China’s Xiaomi Rises to Become No. 3 Smartphone Maker

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Xiaomi Corp.
Visitors use mobile phones in front of a reception desk at the Xiaomi Corp. headquarters in Beijing, China. Photographer: Brent Lewin/Bloomberg

Xiaomi Corp. became the world’s third-largest smartphone vendor after outselling rivals in its home market of China with inexpensive devices packed with high-end features.

Xiaomi had 5.6 percent of the global market in the three months ended September, the first time it cracked the world’s top three, Strategy Analytics said in an e-mailed statement today. Suwon, South Korea-based Samsung Electronics Co. remained the largest, followed by Apple Inc.

Founder Lei Jun is expanding the Beijing-based company internationally by starting sales in India and Singapore as he targets 10 new markets. Xiaomi, which makes devices using a customized version of Google Inc.’s Android operating system, keeps costs down by selling directly to consumers online and has set a goal of boosting sales fivefold to 100 million phones next year.

“Xiaomi was the star performer in the quarter,” said Neil Mawston, executive director of Strategy Analytics. “Xiaomi’s Android smartphone models are wildly popular in the Chinese market. Xiaomi’s next step is to target the international market.”

Samsung Falling

Samsung’s share of the global market fell to 24.7 percent from 35 percent a year earlier. Cupertino, California-based Apple dropped to 12.3 percent from 13.4 percent, Strategy Analytics said. Samsung today reported its smallest quarterly earnings in more than two years.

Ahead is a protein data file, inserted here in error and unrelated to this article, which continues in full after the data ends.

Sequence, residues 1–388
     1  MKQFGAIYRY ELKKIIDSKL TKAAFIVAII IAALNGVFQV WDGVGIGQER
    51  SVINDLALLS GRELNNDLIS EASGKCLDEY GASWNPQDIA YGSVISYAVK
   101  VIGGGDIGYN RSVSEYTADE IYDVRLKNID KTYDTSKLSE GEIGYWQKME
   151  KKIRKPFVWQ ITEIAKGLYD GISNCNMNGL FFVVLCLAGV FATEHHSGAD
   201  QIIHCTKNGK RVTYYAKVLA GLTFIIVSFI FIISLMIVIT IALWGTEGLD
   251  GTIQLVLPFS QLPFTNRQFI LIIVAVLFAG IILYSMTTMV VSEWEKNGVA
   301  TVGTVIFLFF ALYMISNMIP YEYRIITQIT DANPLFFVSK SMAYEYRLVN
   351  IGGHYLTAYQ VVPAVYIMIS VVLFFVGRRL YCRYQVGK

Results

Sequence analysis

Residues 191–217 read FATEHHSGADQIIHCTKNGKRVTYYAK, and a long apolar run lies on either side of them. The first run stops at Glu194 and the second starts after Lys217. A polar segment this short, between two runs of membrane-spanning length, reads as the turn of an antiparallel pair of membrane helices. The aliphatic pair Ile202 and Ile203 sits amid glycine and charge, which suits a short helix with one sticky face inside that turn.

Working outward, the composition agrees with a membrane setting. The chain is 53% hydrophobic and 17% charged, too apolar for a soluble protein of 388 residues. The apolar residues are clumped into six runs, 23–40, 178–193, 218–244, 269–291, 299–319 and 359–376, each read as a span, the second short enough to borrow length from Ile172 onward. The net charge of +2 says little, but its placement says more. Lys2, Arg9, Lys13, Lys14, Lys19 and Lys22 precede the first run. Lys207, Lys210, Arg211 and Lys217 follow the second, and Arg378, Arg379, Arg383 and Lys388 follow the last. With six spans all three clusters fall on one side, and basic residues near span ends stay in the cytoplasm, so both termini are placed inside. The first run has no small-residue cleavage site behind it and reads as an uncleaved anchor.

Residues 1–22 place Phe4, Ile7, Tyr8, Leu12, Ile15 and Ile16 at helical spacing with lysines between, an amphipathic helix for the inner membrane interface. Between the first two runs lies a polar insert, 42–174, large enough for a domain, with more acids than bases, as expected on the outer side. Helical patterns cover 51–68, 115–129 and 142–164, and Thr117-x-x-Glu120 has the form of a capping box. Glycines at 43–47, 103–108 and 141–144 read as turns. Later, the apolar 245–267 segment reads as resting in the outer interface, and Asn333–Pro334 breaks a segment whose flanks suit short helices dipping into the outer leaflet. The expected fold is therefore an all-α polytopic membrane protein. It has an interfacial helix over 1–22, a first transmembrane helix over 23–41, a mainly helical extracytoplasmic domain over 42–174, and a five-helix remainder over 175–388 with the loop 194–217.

The global top five was rounded out by Seoul-based LG Electronics Inc., with 5.2 percent, and Shenzhen, China-based Huawei Technologies Co. with 5.1 percent, Strategy Analytics said.

The tight competition in smartphones was reflected by a second set of rankings released today by International Data Corp. that produced a different set of results.

The IDC data shows Samsung leading with 23.8 percent, followed by Apple with 12 percent; Xiaomi with 5.3 percent; Beijing-based Lenovo Group Ltd. with 5.2 percent and LG with 5.1 percent.

With such intense competition, profiting from smartphone growth becomes the issue for almost all vendors, said Ryan Reith, program director with IDC’s Worldwide Quarterly Mobile Phone Tracker.

“The challenge has now become how to make money on devices that are quickly becoming commodity products,” Reith said. “Outside of Apple, many are struggling to do this.”

Xiaomi sells its flagship Mi 4 smartphone starting from 1,999 yuan on its China website, or just more than one-third the starting price of 5,288 yuan for Apple’s iPhone 6 in China.

Founded in 2010 as a company to make software for mobile devices running Google’s Android system, Xiaomi introduced its first smartphone only in 2011. The company in April said this year it would add markets including India, Brazil, Russia, Malaysia, Indonesia, Thailand, Vietnam, Turkey, Mexico and the Philippines.

— With assistance by Edmond Lococo

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